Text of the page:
‘Cardplanet’ Operator Sentenced to 9 Years for Selling Stolen Credit Cards

cardplanet operator sentenced

The carding store victimized mainly U.S. citizens and is responsible for $20 million in fraudulent purchases.

A cybercriminal responsible for running a “carding” website on the Dark Web is going to federal prison for nine years for selling stolen consumer payment information.

Aleksei Burkov, a Russian national, was the operator of a website called “Cardplanet” that sold hundreds of thousands of debit- and credit-card numbers that had been hacked – mostly from U.S. citizens.

The marketplace’s wares came in the form of digital card information that could be encoded on a blank card with a magnetic strip in order to produce counterfeit payment cards. According to the U.S. Department of Justice, selling that data translated into $20 million in fraudulent purchases made using U.S. credit card accounts.

The DoJ added that Burkov also ran an elite invite-only club, where other criminals could pay $5,000 to gain access to an exclusive site where they could sell personal identifying information (PII), hawk malware, and offer helpful illegal services such as money laundering and hacking.

“To obtain membership in Burkov’s cybercrime forum, prospective members needed three existing members to ‘vouch’ for their good reputation among cybercriminals and to provide a sum of money, normally $5,000, as insurance,” the DoJ said in a media announcement on Friday. “These measures were designed to keep law enforcement from accessing Burkov’s cybercrime forum and to ensure that members of the forum honored any deals made while conducting business on the forum.”

Burkov was tracked down and arrested at Ben-Gurion Airport near Tel Aviv in December 2015, and after a long process of approval and appeals, was extradited to the U.S. in 2019. In January, he pleaded guilty to one count of access device fraud and one count of conspiracy to commit access device fraud, identity theft, computer intrusions, wire fraud and money laundering.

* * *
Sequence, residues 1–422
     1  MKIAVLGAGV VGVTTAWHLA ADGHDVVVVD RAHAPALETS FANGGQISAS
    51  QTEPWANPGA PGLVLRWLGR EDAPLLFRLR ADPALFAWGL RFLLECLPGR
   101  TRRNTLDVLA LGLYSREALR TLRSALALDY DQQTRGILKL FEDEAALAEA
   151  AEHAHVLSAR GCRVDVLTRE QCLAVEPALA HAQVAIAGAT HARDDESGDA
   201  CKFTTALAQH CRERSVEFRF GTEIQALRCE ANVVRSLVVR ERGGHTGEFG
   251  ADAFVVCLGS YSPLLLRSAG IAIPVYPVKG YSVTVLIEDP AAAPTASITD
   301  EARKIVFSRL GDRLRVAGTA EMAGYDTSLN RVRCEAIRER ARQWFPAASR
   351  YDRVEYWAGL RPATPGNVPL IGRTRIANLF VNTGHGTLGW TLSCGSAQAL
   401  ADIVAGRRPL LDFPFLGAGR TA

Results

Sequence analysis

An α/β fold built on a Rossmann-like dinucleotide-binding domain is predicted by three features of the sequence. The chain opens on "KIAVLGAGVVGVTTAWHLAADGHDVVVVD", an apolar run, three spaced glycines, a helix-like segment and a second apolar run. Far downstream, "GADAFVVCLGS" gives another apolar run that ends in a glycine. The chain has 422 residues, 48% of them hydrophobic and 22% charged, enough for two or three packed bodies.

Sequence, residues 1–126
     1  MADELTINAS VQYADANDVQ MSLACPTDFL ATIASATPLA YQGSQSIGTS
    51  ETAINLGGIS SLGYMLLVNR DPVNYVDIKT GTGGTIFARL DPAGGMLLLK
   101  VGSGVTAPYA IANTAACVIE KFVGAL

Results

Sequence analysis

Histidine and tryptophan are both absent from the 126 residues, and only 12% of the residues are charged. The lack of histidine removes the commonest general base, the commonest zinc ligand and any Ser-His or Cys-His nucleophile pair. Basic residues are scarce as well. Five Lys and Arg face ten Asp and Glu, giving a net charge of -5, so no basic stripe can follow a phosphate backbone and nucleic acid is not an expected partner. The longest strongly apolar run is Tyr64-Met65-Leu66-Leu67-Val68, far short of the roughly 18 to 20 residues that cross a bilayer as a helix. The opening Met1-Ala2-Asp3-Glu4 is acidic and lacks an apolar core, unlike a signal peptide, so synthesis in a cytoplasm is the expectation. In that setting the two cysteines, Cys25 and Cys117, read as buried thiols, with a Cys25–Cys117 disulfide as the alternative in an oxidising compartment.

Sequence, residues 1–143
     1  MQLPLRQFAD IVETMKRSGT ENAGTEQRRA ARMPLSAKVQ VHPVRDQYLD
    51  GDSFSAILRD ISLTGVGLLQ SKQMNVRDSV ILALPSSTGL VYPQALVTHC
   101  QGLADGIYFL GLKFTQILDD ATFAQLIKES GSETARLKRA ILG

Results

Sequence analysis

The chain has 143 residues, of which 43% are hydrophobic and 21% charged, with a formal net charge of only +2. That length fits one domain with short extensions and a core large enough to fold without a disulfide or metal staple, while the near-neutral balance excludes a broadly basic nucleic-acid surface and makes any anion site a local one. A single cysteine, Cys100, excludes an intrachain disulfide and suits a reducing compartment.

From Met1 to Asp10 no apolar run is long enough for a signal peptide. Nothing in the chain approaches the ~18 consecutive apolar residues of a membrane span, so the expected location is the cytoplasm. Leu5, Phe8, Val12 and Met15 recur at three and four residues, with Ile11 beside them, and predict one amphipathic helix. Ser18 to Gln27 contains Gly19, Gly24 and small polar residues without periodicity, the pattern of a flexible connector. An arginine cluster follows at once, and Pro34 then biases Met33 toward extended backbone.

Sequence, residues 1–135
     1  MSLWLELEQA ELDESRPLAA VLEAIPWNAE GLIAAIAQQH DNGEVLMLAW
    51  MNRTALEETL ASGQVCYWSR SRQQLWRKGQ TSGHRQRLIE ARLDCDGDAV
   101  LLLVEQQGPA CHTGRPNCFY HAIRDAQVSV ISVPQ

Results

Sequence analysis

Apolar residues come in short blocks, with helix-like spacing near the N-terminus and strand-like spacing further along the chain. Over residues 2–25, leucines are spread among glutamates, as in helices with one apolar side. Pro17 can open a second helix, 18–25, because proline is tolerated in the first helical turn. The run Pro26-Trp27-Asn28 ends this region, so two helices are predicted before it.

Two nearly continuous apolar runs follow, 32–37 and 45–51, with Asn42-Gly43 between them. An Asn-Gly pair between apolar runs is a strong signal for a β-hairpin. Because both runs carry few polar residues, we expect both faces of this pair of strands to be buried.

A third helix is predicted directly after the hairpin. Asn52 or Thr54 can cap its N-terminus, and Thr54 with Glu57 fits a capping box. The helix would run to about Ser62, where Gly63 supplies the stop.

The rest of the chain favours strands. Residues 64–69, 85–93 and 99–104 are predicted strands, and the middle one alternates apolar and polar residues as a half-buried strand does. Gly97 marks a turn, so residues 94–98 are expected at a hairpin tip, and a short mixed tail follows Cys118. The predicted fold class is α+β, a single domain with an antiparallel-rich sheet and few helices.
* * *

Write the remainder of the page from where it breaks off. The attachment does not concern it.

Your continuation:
Carding stores are popular on underground cybercriminal forums, with the inventory coming from a variety of sources, including data breaches, hacking/credential theft activities and payment-card skimmers. In the latter case, operations like Magecart insert code on e-commerce sites that allows crooks to capture payment information when unwitting consumers enter it into checkout pages. Last year, it was estimated that Magecart’s infrastructure has become “ubiquitous” on the internet.

This is not the only recent cybersecurity move that DoJ has made. It recently sentenced a former analyst for the U.S. Defense Intelligence Agency (DIA)  to more than two years in prison after he shared highly classified, national defense intelligence with two reporters. The 32-year-old analyst, Henry Kyle Frese, pleaded guilty in February to leaking the data, regarding foreign countries’ weapons systems, in 2018 and 2019. The DoJ also announced, Thursday, that a 22-year-old man had been sentenced to more than a year in prison for developing Mirai botnet variants that compromised hundreds of thousands of devices worldwide.

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